In 1973, the modern current main entrance opened in Tudor Square / Rhineland as part of Phase II of the R. Duell & Associates renovation of Hersheypark. The main entrance gate was a castle called Tudor Castle, although the name was not typically used.

1995 circa Tudor Court

In the mid-1990s, the area including Tudor Square and the space immediately inside the Main Gate technically part of Rhineland was referred as Tudor Court. The postcard above is an example.

2017-05-04 Hersheypark Entrance.jpg
Hersheypark’s entrance on May 4, 2017.

In 2014, the two regions bordering the Main Gate, Tudor Square and Rhineland, were merged with Music Box Way and Founder’s Circle to become the current theme region Founder’s Way.

Four years later, in 2018, Hersheypark announced that this main gate would be replaced in the 2020 season with a new main gate and region, Hershey’s Chocolatetown.

Temporary Entrance | 2019

In 2019, a temporary entrance debuted between the old Sky Ride building and the Hospitality Services building in Founder’s Way. A new path was created leading from the new Tram Circle to the Temporary Entrance. The gate was covered with a canvas material that was plain.

The Temporary Entrance of Hersheypark, April 13, 2019.

The entrance was soon altered to have Hersheypark’s logo on the roof. This entrance operated from April 2019 to November 2019. The entrance needed to be relocated one last time so construction on Hershey’s Chocolatetown could continue.

The Temporary Entrance with the Hersheypark wordmark, November 3, 2019.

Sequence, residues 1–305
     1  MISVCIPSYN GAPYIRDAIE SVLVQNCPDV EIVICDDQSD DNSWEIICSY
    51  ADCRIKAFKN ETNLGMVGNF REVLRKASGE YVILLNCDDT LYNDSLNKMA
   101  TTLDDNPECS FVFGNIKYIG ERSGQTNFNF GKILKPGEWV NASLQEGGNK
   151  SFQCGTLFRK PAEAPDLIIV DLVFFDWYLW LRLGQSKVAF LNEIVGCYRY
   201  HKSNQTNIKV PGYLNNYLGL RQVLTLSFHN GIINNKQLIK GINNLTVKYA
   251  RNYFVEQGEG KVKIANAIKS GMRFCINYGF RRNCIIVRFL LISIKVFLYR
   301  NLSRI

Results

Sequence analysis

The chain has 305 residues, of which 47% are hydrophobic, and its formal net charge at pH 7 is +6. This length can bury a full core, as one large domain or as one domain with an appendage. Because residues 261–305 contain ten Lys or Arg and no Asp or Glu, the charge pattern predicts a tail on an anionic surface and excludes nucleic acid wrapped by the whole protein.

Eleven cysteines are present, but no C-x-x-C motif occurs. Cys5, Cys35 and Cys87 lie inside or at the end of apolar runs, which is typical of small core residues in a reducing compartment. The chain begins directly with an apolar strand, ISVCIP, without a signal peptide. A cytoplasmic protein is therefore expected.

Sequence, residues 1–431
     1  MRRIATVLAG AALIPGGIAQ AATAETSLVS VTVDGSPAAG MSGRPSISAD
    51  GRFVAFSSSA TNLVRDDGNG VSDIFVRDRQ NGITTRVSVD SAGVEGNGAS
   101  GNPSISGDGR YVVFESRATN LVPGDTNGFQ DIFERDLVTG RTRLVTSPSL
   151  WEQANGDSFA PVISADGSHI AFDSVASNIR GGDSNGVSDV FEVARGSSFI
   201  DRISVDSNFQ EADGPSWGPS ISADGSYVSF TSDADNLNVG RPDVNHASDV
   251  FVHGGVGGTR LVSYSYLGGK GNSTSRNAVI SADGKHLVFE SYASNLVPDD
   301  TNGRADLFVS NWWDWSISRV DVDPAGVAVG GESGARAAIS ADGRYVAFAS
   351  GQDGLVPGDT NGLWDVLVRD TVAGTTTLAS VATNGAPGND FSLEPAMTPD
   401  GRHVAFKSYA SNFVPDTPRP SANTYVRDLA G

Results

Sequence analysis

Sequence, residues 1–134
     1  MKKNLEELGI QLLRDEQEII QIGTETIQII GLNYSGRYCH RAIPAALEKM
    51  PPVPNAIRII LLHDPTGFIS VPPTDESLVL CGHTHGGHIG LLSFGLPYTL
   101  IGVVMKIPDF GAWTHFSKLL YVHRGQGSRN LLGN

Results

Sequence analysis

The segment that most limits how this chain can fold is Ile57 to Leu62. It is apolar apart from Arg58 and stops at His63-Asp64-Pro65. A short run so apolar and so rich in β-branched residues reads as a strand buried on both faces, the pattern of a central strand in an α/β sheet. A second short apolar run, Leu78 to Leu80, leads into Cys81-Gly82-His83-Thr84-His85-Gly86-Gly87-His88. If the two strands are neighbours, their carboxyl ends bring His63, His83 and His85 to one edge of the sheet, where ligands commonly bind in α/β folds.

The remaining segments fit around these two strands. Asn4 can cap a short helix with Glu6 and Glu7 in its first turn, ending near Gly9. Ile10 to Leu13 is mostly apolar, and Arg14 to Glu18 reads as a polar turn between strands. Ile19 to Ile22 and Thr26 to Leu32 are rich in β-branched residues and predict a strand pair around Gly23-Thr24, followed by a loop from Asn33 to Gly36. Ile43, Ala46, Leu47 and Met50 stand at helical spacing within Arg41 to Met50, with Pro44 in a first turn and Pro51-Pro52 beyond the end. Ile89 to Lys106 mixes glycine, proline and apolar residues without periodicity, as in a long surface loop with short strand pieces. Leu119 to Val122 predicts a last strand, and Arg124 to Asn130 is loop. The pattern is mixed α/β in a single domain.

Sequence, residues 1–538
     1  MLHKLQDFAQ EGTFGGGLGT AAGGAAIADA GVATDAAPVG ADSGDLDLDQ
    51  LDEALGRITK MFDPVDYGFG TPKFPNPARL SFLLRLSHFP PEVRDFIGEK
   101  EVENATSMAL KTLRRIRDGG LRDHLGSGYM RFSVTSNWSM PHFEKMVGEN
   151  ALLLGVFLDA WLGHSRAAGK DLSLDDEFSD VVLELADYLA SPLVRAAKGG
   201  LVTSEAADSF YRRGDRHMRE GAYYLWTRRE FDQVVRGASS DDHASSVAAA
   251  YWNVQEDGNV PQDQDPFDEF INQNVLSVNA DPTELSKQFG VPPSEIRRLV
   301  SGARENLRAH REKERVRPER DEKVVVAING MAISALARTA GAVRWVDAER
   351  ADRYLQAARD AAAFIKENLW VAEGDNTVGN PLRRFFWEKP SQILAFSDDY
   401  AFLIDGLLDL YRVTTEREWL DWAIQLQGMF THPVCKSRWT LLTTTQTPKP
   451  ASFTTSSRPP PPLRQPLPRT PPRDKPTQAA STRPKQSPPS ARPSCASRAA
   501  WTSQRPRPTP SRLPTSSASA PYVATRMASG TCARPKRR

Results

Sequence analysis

Candylane Temporary Entrance | 2019

For the 2019 Hersheypark Christmas Candylane seasonal event, the entrance of Hersheypark was relocated to a spot not far from where the 1972 Entrance of Hersheypark had been. This entrance was located near The Claw, at a gate meant for park emergency vehicles could access the park.

This temporary entrance was intended to be used for Christmas Candylane and Hersheypark’s 2020 Springtime in the Park, but the COVID-19 pandemic prevented Hersheypark from having it’s Springtime in the Park event. As a result, this Temporary Entrance was only used in 2019.

The Candylane Temporary Entrance, November 15, 2019.

Hershey’s Chocolatetown Entrance | 2020 – present

The grand new main entrance of Hersheypark was originally slated to open around May 2020. However, due to the COVID-19 pandemic, this slid from May until July. Hersheypark didn’t open to the general public until July 3, 2020. However, the new entrance made its debut a few days earlier when the park was having a special event for the new roller coaster Candymonium.

Entrance of Hersheypark, July 2, 2020.

The new entrance is much larger and more spacious than the Tudor Castle Main Gate, which allows for people to be more spread out. Directly in front of the entrance is a compass with plates that note the various businesses of Hershey Entertainment & Resorts Company and the direction they are at from the entrance.

One part of the entrance was also the Hersheypark Supply Company, the new signature store of Hersheypark. Guests were able to exit the park through the store.

Hersheypark Supply Company
Hersheypark Supply Company at the entrance of Hersheypark, July 7, 2020.

Unfortunately, due to the pandemic, social distancing was necessary, so much less of the entrance was used that might have been expected. Furthermore, one part of the main entrance, a special entrance for Hershey Resorts guests who would be transported to the park by bus, was never completed for the 2020 season. This was in part due to Resorts transportation being suspended due to the pandemic.


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I have a wide variety of interests, from sports to politics, music to Star Trek. I write about the history of amusement parks on my website, The Amusement Parkives, which I founded in 2016.

6 comments on “The entrances of Hersheypark

  1. I remember being asked to come in to work earlier to work at the gate. When there were two admission prices, we had to put colored strings on their wrists so they could ride the rides with their one fee.

  2. Pingback: Hersheypark entrances | 1906 – 1970 – The Amusement Parkives